And speaking of the academy, the process of actually of getting your M.Div is getting easier all the time. At one particular  Candidates committee meeting this was graphically illustrated when an RE held up a candidate’s two transcripts. The first was his transcript from a seminary in the RTS system – it was all A’s and B’s, the other was his previous transcript from a community college which was all Cs, Ds, incompletes, and even an F or two. The RE’s comment was “Look! It’s a miracle!” CTS President Bryan Chapell acknowledged in an interview for the White Horse Inn that it used to be that 1/3 of the incoming CTS class failed the English Bible Exam, now 2/3 of the class does, Chapell rightly noted that this indicates a profound ignorance of the bible amongst our churches and our future pastors – yet the vast majority of these “profoundly ignorant of the bible when they got here” applicants still graduate and go on to the ministry!

Many of our candidates for ministry spend their entire lives essentially “training” for ministry in the same way one might train for a position in which God’s calling is not a consideration. They go from Christian College directly to Seminary without ever passing through the real world or even having a chance to determine if they really have been gifted. Unfortunately, this process also tends to leave them soft, without much discernment, and usually naive.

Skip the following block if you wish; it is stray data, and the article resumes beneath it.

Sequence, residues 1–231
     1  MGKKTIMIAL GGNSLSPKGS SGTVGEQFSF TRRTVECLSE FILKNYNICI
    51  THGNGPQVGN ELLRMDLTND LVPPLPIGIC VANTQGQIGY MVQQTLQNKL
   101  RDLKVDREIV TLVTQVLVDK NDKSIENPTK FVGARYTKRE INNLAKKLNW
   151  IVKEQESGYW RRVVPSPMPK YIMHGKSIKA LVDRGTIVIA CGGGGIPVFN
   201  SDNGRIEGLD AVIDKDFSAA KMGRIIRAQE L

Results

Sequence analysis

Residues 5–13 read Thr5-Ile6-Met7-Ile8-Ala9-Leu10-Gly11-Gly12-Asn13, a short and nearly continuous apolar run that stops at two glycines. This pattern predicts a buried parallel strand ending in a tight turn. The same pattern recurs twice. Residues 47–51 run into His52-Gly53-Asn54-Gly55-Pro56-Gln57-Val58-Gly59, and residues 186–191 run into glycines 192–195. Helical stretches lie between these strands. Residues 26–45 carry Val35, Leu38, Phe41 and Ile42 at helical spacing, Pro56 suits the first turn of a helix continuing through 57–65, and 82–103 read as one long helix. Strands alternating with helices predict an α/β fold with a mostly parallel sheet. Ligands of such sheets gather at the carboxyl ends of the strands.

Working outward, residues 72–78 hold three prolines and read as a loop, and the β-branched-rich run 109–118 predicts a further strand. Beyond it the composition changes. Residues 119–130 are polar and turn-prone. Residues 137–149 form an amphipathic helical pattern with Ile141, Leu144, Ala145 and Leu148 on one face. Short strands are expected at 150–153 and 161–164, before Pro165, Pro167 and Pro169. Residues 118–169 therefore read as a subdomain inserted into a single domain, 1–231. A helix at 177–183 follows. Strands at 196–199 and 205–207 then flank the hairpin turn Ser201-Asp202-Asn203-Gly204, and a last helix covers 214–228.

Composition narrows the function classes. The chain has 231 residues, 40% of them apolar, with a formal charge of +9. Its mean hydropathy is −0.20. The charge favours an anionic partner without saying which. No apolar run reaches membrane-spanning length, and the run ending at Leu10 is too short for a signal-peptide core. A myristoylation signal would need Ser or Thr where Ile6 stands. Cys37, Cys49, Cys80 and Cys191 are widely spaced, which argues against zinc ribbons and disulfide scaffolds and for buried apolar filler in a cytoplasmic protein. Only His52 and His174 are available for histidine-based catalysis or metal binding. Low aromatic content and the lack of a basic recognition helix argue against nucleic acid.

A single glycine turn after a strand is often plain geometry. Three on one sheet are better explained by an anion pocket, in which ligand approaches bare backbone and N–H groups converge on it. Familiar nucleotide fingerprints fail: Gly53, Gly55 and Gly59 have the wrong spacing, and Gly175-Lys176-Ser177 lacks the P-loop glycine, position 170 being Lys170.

All of these factors have actually combined to create a glut of pastoral candidates in the PCA. We have more candidates than open pulpits at present and as such there is no real pressure that might lead us to fill pulpits with barely qualified candidates. The pressure, if it exists, comes from the seminaries who would be aghast if Presbyteries started rejecting the majority of their graduates instead of dutifully plugging them into whatever positions they can find. Because of this many a Presbytery is in danger of becoming merely the final rubber stamp that a man receives after training for ministry.

The sad truth of the matter is that the pulpit committee is really the only gatekeeper in this process. Therefore, here’s a few hints I’d offer to a pulpit committee:

1) Aside from the fact that the candidate has a seminary degree, you can disregard it’s importance. It simply means he had enough money to pay for his education and enough diligence to complete it. Anyone who can get through college can get through seminary, it has no bearing on whether he is actually called. My wife could easily have gotten the same degree from the same institution I did (in fact I have no doubt she would have done better in several courses), this does not, however, make her equally qualified to be a pastor.